Even though she WAS using extreme caution, her tires skidded on the wet metal, and she fell. She doesn't remember what happened, but a man who was waiting for the next train to come through saw her fall and hit her head on the sidewalk.

He helped her get up, moved her away from the tracks, helped her regain consciousness, and helped her call 9-1-1- and her boyfriend, who came to pick her up.

At the emergency room, a CAT-scan showed she had suffered a concussion.

Also at the emergency room, a nurse looked at my friend's bicycle helmet, which was split completely apart, and said, "I'm going to buy a helmet and wear it every time I ride my bike from now on."

Without that helmet, my friend would have had permanent brain damage or might even have died. With that helmet, she "just" has a concussion, short-term memory loss, a massive headache, and a 2-week break from her usual work.

Wear a helmet!

Tuesday, June 21, 2011

Thesis Defense


Effect of Plant Nutrient Supplementation on Grasshopper Fitness

By Louise Wynn

School of Earth and Environmental Sciences

WSU Vancouver Science Programs

Tuesday, June 21, 2011, 9:00 am, VELS 12

Louise Wynn came to WSUV after earning bachelor’s and master’s degrees in English/linguistics and working as a science tech in Alaska, Mexico, and the Arctic. This work motivated her to study geology, physics, and biology at Clark College before transferring to WSUV.  Her research under Dr. John Bishop began at Mount St. Helens, where she studied grasshoppers and crickets in primary successional areas of the Pumice Plain. In the WSUV greenhouse she continued to study the effects of nitrate and phosphate on grasshopper growth, using wild grasshoppers and their natural foods. Her results provide insight to herbivore responses to nutrient deficiencies and excesses.

Sunday, June 19, 2011

More About Hurley

For Father's Day, one memory: When I was learning to drive, Daddy was sitting in the passenger-teacher seat while I drove around the neighborhood. I went down Almond Avenue, which has a slight slope and a left-hand curve at the bottom.

We weren't going very fast, but the car accelerated slightly as we went down the hill, and I wasn't ready for the curve at the bottom.

We went around that curve with tires squealing, then the car fishtailing as I braked, too late and too hard. As I pulled to a stop at the intersection, I was a bit shaken.

Daddy said, "Next time it would be advisable to apply the brakes before you enter the curve."

I miss you so much.

Love,

Louise

Friday, June 17, 2011

Fiction Friday (June 17, 2011): Ferris Bueller's Day Off (DVD)

Madame L here, and she wants to tell you this:

"Ferris Bueller's Day Off" is one of the best comedies made in the last 25 years. Yes, it has been 25 years, and new DVD and Blu-Ray versions will be coming out soon.

But here are some of the best bits, so you don't have to rent or buy the movie:

First, the trailer:


Twist and Shout:

"Swing, batter" (at the baseball game):

The boring teacher:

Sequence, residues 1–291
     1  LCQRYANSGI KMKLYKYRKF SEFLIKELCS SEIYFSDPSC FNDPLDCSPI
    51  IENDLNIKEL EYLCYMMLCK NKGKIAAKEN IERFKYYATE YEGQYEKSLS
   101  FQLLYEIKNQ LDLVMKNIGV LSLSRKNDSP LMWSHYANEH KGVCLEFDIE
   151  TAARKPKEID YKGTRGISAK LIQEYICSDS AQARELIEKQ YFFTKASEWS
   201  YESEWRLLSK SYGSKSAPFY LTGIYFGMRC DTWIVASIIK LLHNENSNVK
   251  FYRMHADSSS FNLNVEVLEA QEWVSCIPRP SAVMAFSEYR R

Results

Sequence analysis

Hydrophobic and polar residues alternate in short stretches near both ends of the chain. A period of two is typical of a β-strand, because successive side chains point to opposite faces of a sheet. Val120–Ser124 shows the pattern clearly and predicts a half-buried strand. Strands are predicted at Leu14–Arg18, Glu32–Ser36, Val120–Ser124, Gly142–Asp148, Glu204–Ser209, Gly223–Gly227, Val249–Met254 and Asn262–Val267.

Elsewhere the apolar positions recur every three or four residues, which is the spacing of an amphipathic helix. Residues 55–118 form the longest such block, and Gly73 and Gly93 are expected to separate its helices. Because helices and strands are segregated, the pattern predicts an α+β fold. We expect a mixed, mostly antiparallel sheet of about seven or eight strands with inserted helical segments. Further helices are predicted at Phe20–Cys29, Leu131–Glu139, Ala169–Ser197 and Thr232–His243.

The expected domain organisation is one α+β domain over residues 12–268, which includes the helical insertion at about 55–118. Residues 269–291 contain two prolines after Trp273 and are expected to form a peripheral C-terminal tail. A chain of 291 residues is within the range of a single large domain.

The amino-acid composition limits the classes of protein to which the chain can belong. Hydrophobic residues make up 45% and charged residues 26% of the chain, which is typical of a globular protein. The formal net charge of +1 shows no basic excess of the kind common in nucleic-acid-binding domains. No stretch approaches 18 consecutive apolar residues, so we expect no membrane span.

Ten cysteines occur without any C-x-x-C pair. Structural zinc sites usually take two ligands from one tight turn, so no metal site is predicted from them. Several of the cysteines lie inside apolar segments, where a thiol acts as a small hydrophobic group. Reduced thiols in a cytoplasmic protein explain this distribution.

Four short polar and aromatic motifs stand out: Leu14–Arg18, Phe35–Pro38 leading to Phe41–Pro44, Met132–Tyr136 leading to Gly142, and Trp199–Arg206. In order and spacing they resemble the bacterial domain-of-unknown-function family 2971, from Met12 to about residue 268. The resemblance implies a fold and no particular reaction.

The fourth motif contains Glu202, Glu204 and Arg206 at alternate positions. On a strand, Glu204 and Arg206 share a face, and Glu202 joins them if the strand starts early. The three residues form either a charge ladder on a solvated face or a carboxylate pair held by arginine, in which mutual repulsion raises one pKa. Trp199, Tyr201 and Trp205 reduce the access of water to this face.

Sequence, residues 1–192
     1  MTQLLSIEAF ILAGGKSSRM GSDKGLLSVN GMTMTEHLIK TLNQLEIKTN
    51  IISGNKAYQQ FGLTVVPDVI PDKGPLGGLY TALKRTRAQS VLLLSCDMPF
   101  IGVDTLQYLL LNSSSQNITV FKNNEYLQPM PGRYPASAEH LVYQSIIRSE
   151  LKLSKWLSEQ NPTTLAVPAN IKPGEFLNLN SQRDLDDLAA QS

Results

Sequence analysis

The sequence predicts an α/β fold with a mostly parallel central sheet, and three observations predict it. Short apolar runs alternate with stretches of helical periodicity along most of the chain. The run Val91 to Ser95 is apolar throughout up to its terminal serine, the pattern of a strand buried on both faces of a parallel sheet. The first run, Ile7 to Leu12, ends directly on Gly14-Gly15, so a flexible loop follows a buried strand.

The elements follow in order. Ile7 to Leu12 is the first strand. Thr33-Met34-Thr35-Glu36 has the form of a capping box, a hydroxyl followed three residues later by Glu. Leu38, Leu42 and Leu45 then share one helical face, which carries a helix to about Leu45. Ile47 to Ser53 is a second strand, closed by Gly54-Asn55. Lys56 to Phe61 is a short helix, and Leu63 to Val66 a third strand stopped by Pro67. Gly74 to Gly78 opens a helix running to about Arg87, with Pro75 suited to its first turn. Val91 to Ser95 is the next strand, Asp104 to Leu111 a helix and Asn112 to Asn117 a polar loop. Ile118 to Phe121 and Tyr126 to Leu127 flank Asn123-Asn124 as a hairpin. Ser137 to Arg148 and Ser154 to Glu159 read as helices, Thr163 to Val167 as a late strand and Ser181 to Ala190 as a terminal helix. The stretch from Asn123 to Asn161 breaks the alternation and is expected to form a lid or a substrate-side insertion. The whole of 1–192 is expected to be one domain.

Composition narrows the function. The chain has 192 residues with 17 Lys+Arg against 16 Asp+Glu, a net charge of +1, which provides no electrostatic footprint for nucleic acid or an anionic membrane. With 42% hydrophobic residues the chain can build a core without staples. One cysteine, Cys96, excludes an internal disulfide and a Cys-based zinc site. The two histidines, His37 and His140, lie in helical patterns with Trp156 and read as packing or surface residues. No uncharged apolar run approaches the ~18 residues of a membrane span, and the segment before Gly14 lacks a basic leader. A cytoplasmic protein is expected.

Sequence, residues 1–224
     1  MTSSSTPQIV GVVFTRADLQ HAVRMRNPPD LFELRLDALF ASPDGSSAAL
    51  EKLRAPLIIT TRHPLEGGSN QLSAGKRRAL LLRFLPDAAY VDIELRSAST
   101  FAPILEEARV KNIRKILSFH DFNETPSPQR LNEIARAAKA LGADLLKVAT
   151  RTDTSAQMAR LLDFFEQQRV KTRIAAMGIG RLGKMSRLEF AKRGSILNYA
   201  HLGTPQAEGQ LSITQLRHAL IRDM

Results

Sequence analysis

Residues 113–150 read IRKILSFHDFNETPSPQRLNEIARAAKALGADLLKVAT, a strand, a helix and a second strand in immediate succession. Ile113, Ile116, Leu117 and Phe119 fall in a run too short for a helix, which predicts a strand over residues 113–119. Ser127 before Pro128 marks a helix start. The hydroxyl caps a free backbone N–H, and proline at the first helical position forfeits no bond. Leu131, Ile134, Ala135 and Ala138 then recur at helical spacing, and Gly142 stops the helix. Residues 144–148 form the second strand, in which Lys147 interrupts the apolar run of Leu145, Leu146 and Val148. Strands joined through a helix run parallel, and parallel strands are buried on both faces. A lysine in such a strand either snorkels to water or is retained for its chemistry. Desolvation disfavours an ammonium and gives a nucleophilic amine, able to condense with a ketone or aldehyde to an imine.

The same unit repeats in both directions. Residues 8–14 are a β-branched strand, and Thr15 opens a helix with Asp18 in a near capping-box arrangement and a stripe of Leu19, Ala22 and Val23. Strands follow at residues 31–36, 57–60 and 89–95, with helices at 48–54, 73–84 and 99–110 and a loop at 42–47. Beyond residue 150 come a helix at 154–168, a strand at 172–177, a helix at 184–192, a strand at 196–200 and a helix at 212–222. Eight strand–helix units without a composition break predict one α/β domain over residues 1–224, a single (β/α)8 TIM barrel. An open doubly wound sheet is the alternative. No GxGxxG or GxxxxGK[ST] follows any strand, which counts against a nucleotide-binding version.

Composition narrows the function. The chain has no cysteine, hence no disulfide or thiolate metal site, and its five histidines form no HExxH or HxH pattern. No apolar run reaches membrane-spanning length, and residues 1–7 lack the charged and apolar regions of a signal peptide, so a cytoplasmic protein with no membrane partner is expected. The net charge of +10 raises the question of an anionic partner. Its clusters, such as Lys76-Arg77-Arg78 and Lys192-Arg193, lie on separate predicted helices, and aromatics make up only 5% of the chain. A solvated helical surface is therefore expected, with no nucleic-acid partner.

Some of the best lines: (Sorry, Aunt Louise took this one down because some of the language may be offensive to some of her readers.)

Enjoy!

Wednesday, June 15, 2011

Theocracy

Yeah, so I watched the debate on Monday night. Actually I recorded it and watched it later. For about 5 minutes, well, 15, if you count fast-forwarding through the blatant lies and outrageous attacks on President Obama.

I guess they were just following the injunction of their idol, Ronald Reagan, to stick together and attack the Democrats, because they were so polite to each other.

I disliked Mitt Romney the least. I feel sorry for the guy, attacked from both the right and the left for being a Mormon. The right-wingers think he's not a real Christian (not a real Christian like them, anyway, because he doesn't hate everyone who disagrees with them, like they do.) The left-wingers think he must hate gays because his church doesn't approve of their marrying each other (but these same people hate his church for not approving of straight people engaging in sex outside of marriage and practicing serial monogamy). 

What I'm afraid of, though, is the theocracy that candidate Michele Bachmann believes in. One of those Bible-thumping born-again Mormon haters, she apparently believes, like Herman Cain and Rick Santorum, that God Himself has endorsed her entry into the presidential race. And, by the way, she's REALLY anti-gay, and she and her husband think they can "cure" gays.

Next to her, Romney is a "comparative moderate" on every issue, including religion, homosexuality, economics, social policy, and, well, really, everything.

And, by the way, all those foster children she "raised"? Here's the truth about that.  And being a foster parent wasn't the only way she got tax-free money from the state. She also has received over $250,000 in federal farm subsidies. 

One good thing about Bachmann is that she actually reads. But the economists she reads are downright scary. How can you read this anti-government-intervention stuff while receiving hundreds of thousands of dollars from the government?

Oh, yeah, that stuff is for OTHER people.

Monday, June 13, 2011

Why I'll Be Watching the Debate Tonight

Yeah, I can't imagine ever voting for any of the Republican candidates who will be debating tonight, but I'll be watching it....because:

---I want to see Romney shine (even though, as I said, I really can't imagine a scenario in which I would vote for him).